House to resume hearings on the 2019 budget



AFTER reaching a "compromise" with Malacañang, the House of Representatives has decided to continue the deliberations for the national budget of 2019 when Congress resumes its session next week.

According to the schedule released by the House Press and Public Affairs Bureau on Wednesday, the allocation for the Department of Trade and Industry and Department of Education (DepEd) will be examined on 28 August.

Due to difficulties in shifting the country towards a cash-based budget system, the Parliament's Administrative Expenditure has temporarily suspended the deliberations for the national budget for 2019.

After discussions with the palace, the majority leader Rolando G. Andaya Jr. said. that the lower chamber will resume budget hearings during the two-week congress stop, which began on 16 August. Nevertheless, no hearing was held during the break.

According to Andaya, the Palace and the House of Representatives have agreed that the General Credit Act of 2019 (GAA) will adopt a "hybrid" of cash-based and obligation-based budgeting system.

The schedule released by the House also indicated that the hearings on the budgets of the President's office, the vice president's office, the Ministry of the Interior and the local government and the Ministry of National Defense would be held on 29 August.

Budget discussions for the Ministry of Labor and Employment and the Ministry of Foreign Affairs are scheduled for 30 August.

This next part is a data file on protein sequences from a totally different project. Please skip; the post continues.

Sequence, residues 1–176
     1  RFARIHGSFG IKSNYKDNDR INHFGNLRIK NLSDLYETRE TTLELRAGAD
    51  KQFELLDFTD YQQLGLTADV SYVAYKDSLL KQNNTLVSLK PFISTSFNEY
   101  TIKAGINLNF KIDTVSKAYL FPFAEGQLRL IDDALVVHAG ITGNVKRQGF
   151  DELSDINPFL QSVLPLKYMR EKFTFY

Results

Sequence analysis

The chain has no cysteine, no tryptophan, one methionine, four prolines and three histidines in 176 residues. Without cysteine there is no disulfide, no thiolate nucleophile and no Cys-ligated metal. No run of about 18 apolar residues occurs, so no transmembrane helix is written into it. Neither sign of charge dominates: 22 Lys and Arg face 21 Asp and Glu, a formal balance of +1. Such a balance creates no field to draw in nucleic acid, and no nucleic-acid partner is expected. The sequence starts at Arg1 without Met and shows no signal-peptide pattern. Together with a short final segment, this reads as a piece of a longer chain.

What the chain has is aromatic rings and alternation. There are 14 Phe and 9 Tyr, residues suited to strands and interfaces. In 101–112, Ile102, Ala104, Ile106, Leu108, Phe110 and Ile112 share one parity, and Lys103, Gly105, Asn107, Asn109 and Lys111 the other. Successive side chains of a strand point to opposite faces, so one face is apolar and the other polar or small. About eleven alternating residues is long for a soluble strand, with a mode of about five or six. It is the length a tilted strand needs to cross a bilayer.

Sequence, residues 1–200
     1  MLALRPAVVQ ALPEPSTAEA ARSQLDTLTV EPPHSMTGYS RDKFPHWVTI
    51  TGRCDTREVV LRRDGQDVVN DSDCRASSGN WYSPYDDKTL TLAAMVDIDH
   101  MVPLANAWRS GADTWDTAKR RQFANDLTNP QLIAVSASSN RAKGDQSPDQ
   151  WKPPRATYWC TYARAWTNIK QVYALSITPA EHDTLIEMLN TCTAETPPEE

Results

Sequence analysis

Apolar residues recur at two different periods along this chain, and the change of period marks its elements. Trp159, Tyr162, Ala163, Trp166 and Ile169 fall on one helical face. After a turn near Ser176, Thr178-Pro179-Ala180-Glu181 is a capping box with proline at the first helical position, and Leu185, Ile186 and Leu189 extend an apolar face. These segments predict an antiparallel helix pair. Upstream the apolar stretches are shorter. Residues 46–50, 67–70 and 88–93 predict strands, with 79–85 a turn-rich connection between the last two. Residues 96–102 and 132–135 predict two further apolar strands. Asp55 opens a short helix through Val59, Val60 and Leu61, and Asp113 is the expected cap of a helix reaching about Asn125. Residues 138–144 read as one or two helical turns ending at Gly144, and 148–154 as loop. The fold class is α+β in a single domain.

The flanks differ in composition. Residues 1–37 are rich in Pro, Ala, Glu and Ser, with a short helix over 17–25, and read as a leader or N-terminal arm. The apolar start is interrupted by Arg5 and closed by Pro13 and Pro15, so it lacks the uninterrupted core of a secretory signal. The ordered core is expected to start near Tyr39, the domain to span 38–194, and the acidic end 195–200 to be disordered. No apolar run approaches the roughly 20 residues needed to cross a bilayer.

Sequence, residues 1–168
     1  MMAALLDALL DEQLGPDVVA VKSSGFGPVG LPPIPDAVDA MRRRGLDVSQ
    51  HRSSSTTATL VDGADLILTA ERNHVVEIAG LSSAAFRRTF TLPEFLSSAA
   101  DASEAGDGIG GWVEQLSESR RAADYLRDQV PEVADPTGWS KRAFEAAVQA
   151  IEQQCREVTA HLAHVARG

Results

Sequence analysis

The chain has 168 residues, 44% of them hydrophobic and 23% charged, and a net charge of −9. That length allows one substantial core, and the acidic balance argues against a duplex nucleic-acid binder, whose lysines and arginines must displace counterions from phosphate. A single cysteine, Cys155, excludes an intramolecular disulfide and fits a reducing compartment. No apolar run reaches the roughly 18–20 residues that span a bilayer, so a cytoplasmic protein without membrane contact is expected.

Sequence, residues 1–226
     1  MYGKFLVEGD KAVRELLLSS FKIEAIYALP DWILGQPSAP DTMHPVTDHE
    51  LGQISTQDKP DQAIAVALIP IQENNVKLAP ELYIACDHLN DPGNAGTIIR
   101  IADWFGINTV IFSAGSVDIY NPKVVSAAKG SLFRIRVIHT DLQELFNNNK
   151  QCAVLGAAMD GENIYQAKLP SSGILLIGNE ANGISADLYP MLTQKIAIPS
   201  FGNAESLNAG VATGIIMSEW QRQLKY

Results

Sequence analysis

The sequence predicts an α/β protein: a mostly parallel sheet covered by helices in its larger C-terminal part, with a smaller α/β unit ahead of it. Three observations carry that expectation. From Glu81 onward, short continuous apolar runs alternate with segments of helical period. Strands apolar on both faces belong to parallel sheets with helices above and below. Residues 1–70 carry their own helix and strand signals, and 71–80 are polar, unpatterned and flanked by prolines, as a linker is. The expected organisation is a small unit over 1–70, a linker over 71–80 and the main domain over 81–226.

The budget meetings for the Information and Communication Technology Department and the Department of Health (DOH) were adopted on 3 September; Civil Service Commission, Commission for Human Rights, Department of Science and Technology, and the judiciary on 4 September; and the Presidential Communications Operations Office and the Department of Transportation on 5 September.

Cuts

Andaya previously said that the lower chamber is awaiting the original budget proposals from government agencies to find out which projects have been removed by the ministry of budget and management as a result of the transition to a cash-based budget system
before 2019.

According to Andaya, the legislators wanted to find the reason for the cuts in the proposed national spending program, especially for the DOH and the DepEd.

The DOH's Enhability program and the DepEd Fundamental Fund for Basic Services were cut by P30.3 billion and P69.4 billion respectively.

He noted that time is limited for establishing the national budget, such as the planned interruption of Congress in October and the need to present the proposed General Credit Act to President Duterte in November.

According to a cash-based budgeting system, all projects should be completed in one financial year. Projects that are "not ready for implementation" are removed from the proposed budget.

A commitment-based budgeting system, on the other hand, allows agencies to allocate funds for a project that can be exceeded for a year.

Due to the limitations of a cash-based system, the 2019 budget is in absolute terms P10 billion lower compared to the 2018 GAA, which reached P3,767 trillion.

The proposed national budget for 2019 is based on cash, in contrast to the traditional multi-annual obligations-based budgeting. The DBM said that the cash-based system is "more efficient" because it limits the rise of obligations and pays out payments for goods delivered and services provided, inspected and accepted within the fiscal year.

The obligation-based budgeting is the usual budget practice in the Philippines. It allows loans and commitments until the next fiscal year, which extends the validity of the funds to two years.


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